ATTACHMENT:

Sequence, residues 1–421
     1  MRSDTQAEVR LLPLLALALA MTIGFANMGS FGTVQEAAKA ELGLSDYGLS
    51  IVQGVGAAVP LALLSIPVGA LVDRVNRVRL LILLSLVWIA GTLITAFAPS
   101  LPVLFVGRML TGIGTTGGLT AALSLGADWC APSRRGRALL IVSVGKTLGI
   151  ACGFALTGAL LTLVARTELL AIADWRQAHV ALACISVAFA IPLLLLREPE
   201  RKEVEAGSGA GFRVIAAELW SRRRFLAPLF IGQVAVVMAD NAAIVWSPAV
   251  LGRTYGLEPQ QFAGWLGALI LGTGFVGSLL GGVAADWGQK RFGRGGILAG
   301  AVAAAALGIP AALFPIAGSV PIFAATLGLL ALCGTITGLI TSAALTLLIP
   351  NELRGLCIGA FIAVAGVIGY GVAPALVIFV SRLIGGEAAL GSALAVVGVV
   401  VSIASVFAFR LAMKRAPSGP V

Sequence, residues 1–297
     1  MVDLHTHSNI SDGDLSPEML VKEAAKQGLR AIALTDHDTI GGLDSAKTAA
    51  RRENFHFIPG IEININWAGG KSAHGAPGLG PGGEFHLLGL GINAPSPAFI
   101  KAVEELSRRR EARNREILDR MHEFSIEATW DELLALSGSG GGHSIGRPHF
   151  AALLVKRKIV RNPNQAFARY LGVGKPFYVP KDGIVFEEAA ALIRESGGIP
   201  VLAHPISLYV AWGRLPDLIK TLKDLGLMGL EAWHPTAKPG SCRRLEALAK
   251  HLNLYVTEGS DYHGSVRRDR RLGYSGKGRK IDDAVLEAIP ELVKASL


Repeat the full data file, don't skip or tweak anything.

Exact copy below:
Sequence, residues 1–421
     1  MRSDTQAEVR LLPLLALALA MTIGFANMGS FGTVQEAAKA ELGLSDYGLS
    51  IVQGVGAAVP LALLSIPVGA LVDRVNRVRL LILLSLVWIA GTLITAFAPS
   101  LPVLFVGRML TGIGTTGGLT AALSLGADWC APSRRGRALL IVSVGKTLGI
   151  ACGFALTGAL LTLVARTELL AIADWRQAHV ALACISVAFA IPLLLLREPE
   201  RKEVEAGSGA GFRVIAAELW SRRRFLAPLF IGQVAVVMAD NAAIVWSPAV
   251  LGRTYGLEPQ QFAGWLGALI LGTGFVGSLL GGVAADWGQK RFGRGGILAG
   301  AVAAAALGIP AALFPIAGSV PIFAATLGLL ALCGTITGLI TSAALTLLIP
   351  NELRGLCIGA FIAVAGVIGY GVAPALVIFV SRLIGGEAAL GSALAVVGVV
   401  VSIASVFAFR LAMKRAPSGP V

Sequence, residues 1–297
     1  MVDLHTHSNI SDGDLSPEML VKEAAKQGLR AIALTDHDTI GGLDSAKTAA
    51  RRENFHFIPG IEININWAGG KSAHGAPGLG PGGEFHLLGL GINAPSPAFI
   101  KAVEELSRRR EARNREILDR MHEFSIEATW DELLALSGSG GGHSIGRPHF
   151  AALLVKRKIV RNPNQAFARY LGVGKPFYVP KDGIVFEEAA ALIRESGGIP
   201  VLAHPISLYV AWGRLPDLIK TLKDLGLMGL EAWHPTAKPG SCRRLEALAK
   251  HLNLYVTEGS DYHGSVRRDR RLGYSGKGRK IDDAVLEAIP ELVKASL